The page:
Opentable, a Necessary Evil?

We all use it. Whether trying to book a large party, or just going out with a loved one for dinner, there is no doubt that OpenTable is a useful service. Founded in 1998 OpenTable has filled a very important niche in the restaurant reservation market providing a seamless service for restaurants and patrons. However, as with most things, OpenTable has a downside, especially for restaurants.


For a consumer, the system is perfect. You can quickly and easily search for reservations at specific restaurants or for specific times/locations. The interface is simple and there are loyalty rewards for consistent use and repeat visits. You can also quickly browse menus, reviews, and special offers all from your mobile phone. So it comes as no surprise that OpenTable has grown an enormous market share of happy restaurant bookers. 


For restaurants, OpenTable is more complicated. OpenTable is a vendor and the product they provide is best in class. The online reservation book is easy to use, learn, and customize. They provide live internet connections so your reservation book is constantly up-to-date. OpenTable also provides useful analytics data on customers, turn times, cover counts, etc. and they act as a marketing service getting new customers in your door.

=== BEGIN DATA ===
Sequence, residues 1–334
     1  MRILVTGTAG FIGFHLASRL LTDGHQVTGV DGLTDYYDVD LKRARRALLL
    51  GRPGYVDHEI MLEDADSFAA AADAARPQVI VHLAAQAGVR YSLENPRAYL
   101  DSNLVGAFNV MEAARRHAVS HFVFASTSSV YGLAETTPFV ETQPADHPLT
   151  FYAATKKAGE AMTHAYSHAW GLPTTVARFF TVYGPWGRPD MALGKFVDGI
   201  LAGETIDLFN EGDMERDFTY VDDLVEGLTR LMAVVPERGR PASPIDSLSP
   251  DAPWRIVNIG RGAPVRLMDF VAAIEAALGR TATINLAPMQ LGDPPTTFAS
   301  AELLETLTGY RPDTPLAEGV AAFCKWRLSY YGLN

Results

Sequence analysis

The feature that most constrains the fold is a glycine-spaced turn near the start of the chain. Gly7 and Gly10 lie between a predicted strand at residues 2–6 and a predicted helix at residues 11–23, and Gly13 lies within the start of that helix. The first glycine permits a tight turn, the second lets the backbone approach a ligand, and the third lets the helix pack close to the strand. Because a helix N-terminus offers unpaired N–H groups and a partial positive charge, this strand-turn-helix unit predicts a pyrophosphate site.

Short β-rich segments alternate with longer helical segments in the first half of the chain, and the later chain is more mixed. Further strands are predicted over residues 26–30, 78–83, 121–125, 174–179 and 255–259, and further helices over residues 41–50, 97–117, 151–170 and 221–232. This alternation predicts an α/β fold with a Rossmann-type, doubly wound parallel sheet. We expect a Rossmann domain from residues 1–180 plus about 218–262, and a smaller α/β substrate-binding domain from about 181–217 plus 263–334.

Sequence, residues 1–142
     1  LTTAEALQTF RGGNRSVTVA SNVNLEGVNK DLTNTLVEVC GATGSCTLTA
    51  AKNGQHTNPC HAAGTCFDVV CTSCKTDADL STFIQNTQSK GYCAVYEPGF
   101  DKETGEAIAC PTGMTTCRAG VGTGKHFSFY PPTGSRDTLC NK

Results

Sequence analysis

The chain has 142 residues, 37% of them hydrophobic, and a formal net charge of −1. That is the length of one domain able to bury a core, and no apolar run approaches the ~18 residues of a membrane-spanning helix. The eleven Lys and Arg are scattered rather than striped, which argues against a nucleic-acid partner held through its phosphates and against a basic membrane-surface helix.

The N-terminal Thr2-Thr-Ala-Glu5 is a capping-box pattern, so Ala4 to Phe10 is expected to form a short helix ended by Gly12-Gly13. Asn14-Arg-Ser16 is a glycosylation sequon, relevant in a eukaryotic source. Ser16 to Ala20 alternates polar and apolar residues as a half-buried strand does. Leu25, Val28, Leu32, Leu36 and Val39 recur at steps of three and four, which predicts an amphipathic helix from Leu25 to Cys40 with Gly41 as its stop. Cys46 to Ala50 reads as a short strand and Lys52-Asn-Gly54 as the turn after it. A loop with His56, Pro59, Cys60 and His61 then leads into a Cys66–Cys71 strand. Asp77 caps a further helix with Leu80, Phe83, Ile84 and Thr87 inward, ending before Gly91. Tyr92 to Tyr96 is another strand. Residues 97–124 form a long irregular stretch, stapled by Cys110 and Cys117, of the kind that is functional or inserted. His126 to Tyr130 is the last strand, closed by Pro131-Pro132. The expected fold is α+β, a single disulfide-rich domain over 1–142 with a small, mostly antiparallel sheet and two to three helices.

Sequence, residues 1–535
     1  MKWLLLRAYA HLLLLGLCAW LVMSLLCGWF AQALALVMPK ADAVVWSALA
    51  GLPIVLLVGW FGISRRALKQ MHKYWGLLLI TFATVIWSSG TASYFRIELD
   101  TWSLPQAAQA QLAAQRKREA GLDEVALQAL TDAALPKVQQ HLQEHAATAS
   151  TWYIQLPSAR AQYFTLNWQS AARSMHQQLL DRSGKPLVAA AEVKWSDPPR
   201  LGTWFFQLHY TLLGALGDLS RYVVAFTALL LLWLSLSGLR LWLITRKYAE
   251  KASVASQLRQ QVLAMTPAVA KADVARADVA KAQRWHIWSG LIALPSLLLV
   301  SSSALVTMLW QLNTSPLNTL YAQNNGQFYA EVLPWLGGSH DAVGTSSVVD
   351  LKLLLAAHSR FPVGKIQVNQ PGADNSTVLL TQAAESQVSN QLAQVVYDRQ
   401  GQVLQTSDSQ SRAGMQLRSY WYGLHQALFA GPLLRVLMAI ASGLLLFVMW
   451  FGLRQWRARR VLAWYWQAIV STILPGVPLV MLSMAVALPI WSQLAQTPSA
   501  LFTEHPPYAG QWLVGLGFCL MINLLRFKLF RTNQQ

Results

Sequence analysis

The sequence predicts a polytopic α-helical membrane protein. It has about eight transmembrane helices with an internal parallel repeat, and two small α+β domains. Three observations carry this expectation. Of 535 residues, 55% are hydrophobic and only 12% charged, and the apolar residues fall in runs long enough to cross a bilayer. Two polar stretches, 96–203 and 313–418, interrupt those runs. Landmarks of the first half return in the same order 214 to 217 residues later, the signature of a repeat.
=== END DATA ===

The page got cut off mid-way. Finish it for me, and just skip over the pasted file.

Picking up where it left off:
All of the benefits above do not come cheap though. OpenTable charges restaurants a monthly fee for being on the platform and an additional fee for each person sat through online reservations. These fees can add up to be thousands of dollars a month which can seem prohibitively expensive to some operators.

Necessary Evil?

Some restaurateurs have tried to avoid the high cost of OpenTable by moving to an internal booking system, a competitor, or going reservation less. Restaurants that are perennially booked solid can make this transition; but for most operations, they will find they cannot afford to not be on the platform. The lack of a viable alternative (at least for now) is what makes OpenTable so powerful. While the costs can be maddening, OpenTable, for most restaurants, is a necessary evil.


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